Mayor disputes claims that COVID-19 survey team was intimidated in Eitzen

The mayor of a town in southeastern Minnesota is disputing allegations that city workers intimidated a survey crew trying to gather COVID-19 testing data.

The Centers for Disease Control and Prevention pulled field crews from Minnesota earlier this week after reports of intimidation in Eitzen. Health officials claim the crew was surrounded and called racial slurs on Sept. 15 and that one of the city employees was armed.

Eitzen Mayor Jeffrey Adamson challenged those claims, saying there was never any aggressive behavior or racial slurs and that none of the employees were armed. He hypothesized that the team mistook a large fire department radio in a holster for a firearm.

"The City of Eitzen in no way supports racism or violence," Adamson wrote in a statement. "We are shocked by the accusations made in news reports released today, and saddened to hear our city is being slandered."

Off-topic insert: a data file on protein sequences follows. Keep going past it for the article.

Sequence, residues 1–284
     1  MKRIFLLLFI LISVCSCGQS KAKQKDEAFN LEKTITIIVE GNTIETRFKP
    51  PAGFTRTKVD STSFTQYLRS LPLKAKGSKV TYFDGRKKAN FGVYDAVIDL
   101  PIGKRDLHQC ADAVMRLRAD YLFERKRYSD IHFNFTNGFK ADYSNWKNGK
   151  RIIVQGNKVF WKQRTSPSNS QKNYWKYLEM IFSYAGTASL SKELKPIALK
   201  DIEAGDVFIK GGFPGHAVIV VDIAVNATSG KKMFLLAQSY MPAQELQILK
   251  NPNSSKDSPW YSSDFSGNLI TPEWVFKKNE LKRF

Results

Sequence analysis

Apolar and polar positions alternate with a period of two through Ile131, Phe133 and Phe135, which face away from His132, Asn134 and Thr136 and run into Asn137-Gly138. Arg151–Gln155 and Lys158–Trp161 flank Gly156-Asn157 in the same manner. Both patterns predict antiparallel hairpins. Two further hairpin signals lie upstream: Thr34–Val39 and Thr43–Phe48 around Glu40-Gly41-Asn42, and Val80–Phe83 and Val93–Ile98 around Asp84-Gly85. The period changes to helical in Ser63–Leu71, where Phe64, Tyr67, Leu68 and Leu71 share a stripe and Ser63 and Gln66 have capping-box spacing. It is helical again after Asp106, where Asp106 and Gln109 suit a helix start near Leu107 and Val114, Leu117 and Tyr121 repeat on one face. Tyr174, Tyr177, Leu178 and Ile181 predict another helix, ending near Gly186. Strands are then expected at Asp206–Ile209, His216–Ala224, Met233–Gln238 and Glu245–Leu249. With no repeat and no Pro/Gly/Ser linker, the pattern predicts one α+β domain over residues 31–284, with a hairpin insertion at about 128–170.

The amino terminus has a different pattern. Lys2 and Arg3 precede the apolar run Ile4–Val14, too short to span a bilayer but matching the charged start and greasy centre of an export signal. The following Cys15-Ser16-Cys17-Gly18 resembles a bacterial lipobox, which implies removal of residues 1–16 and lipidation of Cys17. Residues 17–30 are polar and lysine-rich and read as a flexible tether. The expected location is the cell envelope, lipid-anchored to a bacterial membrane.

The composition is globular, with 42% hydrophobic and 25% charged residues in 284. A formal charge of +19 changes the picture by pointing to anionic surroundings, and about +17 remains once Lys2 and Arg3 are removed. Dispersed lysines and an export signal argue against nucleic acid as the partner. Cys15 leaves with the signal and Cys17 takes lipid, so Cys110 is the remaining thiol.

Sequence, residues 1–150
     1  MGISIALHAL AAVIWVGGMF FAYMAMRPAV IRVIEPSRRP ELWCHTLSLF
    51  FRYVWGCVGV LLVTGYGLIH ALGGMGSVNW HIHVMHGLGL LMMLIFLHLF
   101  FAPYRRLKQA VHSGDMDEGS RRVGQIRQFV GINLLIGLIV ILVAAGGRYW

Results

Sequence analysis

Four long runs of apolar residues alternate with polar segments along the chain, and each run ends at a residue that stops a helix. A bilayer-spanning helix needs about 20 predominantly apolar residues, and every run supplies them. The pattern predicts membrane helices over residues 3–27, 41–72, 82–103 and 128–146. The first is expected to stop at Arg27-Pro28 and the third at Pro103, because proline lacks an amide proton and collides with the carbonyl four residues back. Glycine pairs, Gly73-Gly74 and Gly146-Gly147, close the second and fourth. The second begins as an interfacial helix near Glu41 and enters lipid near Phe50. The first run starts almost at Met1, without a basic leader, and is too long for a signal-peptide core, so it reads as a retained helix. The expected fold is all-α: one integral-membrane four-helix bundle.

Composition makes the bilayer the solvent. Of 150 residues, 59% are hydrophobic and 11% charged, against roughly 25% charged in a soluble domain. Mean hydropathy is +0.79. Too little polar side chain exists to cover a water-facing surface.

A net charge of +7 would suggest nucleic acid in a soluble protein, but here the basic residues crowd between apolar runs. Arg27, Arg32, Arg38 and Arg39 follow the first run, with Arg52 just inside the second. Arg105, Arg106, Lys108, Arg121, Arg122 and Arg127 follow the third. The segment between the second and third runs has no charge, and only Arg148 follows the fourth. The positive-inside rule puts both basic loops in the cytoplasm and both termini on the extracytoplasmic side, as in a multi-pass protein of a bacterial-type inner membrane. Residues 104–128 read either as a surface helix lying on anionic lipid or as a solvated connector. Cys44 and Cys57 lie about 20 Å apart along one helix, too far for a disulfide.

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Dan Huff, the assistant commissioner for the Minnesota Department of Health, said the Community Assessment for Public Health Emergency Response project, or CASPER, suspended operations in Minnesota following reports of several incidents across the state. The CASPER surveys were meant to build a better understanding of how COVID-19 is spreading in the state and how it is affecting its residents.

Aside from the allegations in Eitzen, CASPER teams also reported incidents where people walking dogs or neighborhood residents would question teams, or yell at them and threaten to call the police.

Huff said a pattern showed that teams with people of color were reporting more incidents than teams that did not have people of color.